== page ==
The idea of Public-Private Partnership was developed with the excuse that the public debt was already too high and so the state could not afford to directly finance new projects. In practice, where this has been applied, the state has ended up paying far more over a long period than it would have done had it directly built the infrastructure itself. Thus, what Sowore is proposing is to create very lucrative projects for the Nigerian and foreign capitalists, and it would be the Nigerian people who would be called on to pay for all this for decades to come. It is no accident that the present Corbyn-led Labour Party in Britain is promising to bring back the PFI projects under state control.
Role of Marxists is to warn of limitations of bourgeois populism
The role of the Marxists is to explain all this patiently, and while have a friendly and sympathetic approach, warn the workers and youth that the programme Sowore stands on cannot solve their problems. We need to warn ahead that this project will be used to promote a bourgeois liberal agenda, disguised as a “revolution” of course. This means privatisation, cuts in social welfare, increases in student fees and so on, but all covered in the veneer of “clean politics” of anti-corruption, etc. In the final analysis, none of this will be to the benefit of the working masses of Nigeria.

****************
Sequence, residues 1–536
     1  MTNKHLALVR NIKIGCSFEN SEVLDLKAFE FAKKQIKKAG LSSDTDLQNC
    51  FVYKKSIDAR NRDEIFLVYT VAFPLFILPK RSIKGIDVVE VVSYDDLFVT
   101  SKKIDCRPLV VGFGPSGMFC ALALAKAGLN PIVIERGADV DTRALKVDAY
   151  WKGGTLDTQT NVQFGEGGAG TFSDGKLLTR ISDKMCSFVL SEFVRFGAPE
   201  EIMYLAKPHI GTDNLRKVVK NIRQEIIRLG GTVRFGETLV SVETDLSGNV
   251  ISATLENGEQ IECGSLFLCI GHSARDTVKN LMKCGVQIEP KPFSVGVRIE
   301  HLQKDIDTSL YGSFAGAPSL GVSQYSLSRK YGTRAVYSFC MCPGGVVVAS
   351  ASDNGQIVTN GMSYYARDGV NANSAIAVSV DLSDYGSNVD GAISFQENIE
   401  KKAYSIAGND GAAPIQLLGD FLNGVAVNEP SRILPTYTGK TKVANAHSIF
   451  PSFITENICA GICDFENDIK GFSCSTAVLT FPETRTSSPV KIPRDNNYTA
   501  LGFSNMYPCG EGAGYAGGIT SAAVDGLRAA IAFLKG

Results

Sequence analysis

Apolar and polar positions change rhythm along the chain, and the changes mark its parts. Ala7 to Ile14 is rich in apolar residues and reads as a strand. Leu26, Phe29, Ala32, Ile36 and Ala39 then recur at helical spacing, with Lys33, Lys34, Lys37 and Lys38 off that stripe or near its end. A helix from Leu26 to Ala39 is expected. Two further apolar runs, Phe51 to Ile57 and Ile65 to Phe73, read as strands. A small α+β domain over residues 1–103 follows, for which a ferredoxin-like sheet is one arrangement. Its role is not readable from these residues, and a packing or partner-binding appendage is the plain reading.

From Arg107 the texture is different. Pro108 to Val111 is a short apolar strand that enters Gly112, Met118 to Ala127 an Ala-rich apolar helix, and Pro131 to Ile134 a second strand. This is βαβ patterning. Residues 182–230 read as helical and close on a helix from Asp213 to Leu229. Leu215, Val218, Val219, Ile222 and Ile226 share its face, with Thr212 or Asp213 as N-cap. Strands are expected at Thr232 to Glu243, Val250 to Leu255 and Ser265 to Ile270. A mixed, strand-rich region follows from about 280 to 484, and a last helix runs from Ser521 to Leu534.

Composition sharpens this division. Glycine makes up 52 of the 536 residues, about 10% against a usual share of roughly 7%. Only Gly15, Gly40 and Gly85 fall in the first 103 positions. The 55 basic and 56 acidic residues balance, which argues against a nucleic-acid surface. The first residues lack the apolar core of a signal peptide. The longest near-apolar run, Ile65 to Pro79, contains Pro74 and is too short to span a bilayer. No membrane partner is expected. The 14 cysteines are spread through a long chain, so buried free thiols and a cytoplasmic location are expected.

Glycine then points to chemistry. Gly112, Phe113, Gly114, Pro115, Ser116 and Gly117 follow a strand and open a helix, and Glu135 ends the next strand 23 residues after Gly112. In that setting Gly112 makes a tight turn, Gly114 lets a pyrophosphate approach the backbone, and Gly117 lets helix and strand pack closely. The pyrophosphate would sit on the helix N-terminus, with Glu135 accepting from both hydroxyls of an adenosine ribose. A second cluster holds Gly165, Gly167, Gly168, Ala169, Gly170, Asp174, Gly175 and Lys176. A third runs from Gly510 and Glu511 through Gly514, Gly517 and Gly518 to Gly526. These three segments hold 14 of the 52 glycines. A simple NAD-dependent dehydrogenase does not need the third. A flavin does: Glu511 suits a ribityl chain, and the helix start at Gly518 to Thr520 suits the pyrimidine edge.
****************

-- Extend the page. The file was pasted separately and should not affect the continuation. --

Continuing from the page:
Yes, we are all against corruption, we all want good roads and houses, hospitals, schools, and we all want to massively upgrade the power supply and the distribution network. But how is this going to be achieved if it is all based on making a profit for the private companies that would be involved? How can the private sector help in this? The private sector is dominated by all the major operators who have made a lot of money by holding political power. It is not by chance that among the most powerful and wealthiest men in Nigeria are to be found former military dictators who became rich on the back of the Nigerian people.